By the way, I enjoy the way you portray Mercy Graves. Nothing really else to add. She's never been a favorite character of mine, but you incorporated her well into your story, even if she was a satellite character, and I have to say that her amorality and sardonic sense of apathy was delightful. Just the thought of her being on standby behind the door ready to pitch a chunk of kryptonite at Supes like it was a baseball put a smile on my face.
Man, you really know how to end a story on a down note, don't you? Haha. I would lament poor Floyd's situation, but does scum like him really deserve our sympathy? I guess if you can root for Lex Luthor because he's the underdog, you can root for Deadshot to escape his prison as well, but damn it, he killed Martha Kent!
| RTVfan chapter 12 . 7/21
I've never thought of Lois Lane as a somebody with negative character traits per se, but until your fic, I never realized just how much more positively you can view someone like her or Jimmy Olsen or the other mundane characters of Superman's world when not viewed through the eyes of Superman.
I'm fascinated by the idea that the Kryptonians weren't actually humanoids like us and could use some kind of illusory technology to make them more palatable/less hideous to the human eye. It makes me wonder that if alien life does exist out there somewhere, and that sort of illusory tech was possible, we(humans) and them(alien life) would use it on one another for our mutual benefit, like how the idea of a universal translator would be used to cross language barriers.
| RTVfan chapter 11 . 7/21
Lois Lane's epiphany about Clark being Superman was well handled and logical. It almost makes me mad, not to segue, about how a similar scene in The Dark Knight Rises was criticized. In the movie, when the character John Blake figures out Batman's secret identity through the same intuitive logic Lois Lane performed, it was criticized by a lot of Bat-fanboys, unfairly I felt, and I wonder if those same fans would hate the way it was used in your story.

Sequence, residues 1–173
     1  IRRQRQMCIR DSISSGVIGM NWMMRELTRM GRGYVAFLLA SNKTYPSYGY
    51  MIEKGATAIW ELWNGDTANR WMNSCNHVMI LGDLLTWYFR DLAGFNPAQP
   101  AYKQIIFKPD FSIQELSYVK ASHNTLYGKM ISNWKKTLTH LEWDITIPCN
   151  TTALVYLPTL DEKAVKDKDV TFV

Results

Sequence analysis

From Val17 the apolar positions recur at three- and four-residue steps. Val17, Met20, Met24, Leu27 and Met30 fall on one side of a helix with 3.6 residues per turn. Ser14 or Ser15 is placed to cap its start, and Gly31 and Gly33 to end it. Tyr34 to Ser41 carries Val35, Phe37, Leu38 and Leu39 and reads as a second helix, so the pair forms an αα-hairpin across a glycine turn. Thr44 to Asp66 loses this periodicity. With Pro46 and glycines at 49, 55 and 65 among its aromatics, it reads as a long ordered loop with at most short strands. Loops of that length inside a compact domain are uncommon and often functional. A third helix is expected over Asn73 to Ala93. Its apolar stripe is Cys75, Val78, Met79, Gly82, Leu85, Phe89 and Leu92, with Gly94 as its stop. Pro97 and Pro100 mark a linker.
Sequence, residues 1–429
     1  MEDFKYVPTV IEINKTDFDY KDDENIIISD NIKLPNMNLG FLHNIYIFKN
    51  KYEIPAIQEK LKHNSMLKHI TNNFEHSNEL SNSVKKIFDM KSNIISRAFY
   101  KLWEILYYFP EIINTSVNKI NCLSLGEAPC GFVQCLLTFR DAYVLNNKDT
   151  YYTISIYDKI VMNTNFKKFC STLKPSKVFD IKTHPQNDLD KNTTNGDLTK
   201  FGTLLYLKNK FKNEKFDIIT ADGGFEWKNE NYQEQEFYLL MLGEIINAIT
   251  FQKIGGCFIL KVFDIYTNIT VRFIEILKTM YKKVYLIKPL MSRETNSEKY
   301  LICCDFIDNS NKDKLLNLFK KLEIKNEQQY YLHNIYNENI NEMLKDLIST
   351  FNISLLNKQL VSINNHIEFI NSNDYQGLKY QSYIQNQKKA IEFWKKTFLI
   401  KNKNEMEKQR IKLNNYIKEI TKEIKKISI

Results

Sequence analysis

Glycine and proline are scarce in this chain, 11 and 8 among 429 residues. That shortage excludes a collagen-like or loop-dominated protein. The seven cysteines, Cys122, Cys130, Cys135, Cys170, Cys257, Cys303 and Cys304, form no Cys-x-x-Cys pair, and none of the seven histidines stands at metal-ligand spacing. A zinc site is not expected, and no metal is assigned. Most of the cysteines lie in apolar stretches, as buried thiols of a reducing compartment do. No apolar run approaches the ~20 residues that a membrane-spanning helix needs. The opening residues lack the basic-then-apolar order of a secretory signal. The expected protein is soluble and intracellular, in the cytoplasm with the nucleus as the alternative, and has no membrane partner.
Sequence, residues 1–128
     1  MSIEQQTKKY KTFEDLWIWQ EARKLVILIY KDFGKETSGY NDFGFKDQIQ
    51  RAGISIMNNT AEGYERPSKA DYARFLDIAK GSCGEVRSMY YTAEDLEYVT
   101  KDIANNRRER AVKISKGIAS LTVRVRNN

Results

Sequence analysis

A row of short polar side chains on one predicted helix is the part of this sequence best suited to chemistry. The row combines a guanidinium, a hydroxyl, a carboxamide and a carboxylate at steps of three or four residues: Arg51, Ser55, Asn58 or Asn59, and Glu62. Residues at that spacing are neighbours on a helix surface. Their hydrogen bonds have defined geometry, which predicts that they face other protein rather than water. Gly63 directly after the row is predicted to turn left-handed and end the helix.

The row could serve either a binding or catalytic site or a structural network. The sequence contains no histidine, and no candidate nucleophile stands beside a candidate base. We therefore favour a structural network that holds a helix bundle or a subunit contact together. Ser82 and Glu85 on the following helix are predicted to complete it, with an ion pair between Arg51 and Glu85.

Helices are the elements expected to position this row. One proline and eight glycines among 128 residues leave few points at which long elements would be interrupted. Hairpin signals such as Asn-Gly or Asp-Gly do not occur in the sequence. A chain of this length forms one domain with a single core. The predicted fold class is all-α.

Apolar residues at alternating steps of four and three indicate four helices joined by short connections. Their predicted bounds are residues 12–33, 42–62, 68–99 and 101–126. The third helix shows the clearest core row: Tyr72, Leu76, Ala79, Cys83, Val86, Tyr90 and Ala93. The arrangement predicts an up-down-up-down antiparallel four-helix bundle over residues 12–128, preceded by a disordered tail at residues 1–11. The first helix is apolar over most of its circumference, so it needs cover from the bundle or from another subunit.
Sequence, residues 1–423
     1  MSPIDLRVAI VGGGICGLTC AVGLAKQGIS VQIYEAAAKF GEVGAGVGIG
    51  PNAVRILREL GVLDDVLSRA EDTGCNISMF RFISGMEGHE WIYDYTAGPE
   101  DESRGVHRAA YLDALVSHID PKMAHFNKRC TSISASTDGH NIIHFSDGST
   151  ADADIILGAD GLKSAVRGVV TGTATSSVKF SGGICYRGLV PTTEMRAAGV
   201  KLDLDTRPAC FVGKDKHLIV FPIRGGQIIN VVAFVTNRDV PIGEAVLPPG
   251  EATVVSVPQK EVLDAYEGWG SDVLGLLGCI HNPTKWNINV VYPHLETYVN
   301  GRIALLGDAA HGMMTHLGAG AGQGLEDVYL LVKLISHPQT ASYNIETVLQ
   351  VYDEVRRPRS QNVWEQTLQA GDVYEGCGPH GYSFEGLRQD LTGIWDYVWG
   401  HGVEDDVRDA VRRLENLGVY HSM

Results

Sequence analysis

After reading this chapter, I can't help but compare your story to Zack Snyder's attempts at deconstructing Superman in his movies and how much better you are it than him. I would also compare your deconstruction of Superman to Doctor Manhattan from Watchmen, who also left once he felt isolated enough and his sense of morality cast in doubt. That's high praise.
The tension in this story is just ratcheting up to an almost unbearable degree, and I love it.
| RTVfan chapter 10 . 7/21
Was Willie Calhoun suicidal? It's one thing to want to push Superman into doing something stupid, but what Willie did was crazy. I guess he may have just become too disillusioned with what happened since Superman's arrival and wasn't thinking clearly.
Ah, we finally get to Kryptonite. I'm wondering why Jor-El would leave it there? Or maybe the Kents found it and contained it once they saw how much it was hurting Clark?
| RTVfan chapter 9 . 7/21
Holy Moley, what a chapter. In an earlier review, I compared your version of Lex Luthor to Walter White from Breaking Bad, and in this chapter in particular, the Breaking Bad comparison is unmistakable now. Lex Luthor and Walter White are one in the same, but not only that. The violence in this chapter was disturbing enough, but the irony of Deadshot's belief that the moral of a story should only be understood towards the end and what inevitably happens to him via Superman is just too priceless and too tinged with black comedy for me not to compare it to one of Breaking Bad's grislier moments.
Poor Martha. :(
Poor Betty Graber in fact, and poor Clark for having to know how his mother died.
| RTVfan chapter 8 . 7/21
Nice character building scene between Jimmy Olsen and the private investigator. Ditto for Lois and Clark once again. You've got the psychological realism down pat, dude.
Huh. I've never seen or read a Superman story with Lois actively working against Superman, but I like it. It's really fascinating to see her working with Luthor, and can't wait to see where this relationship goes, if anywhere.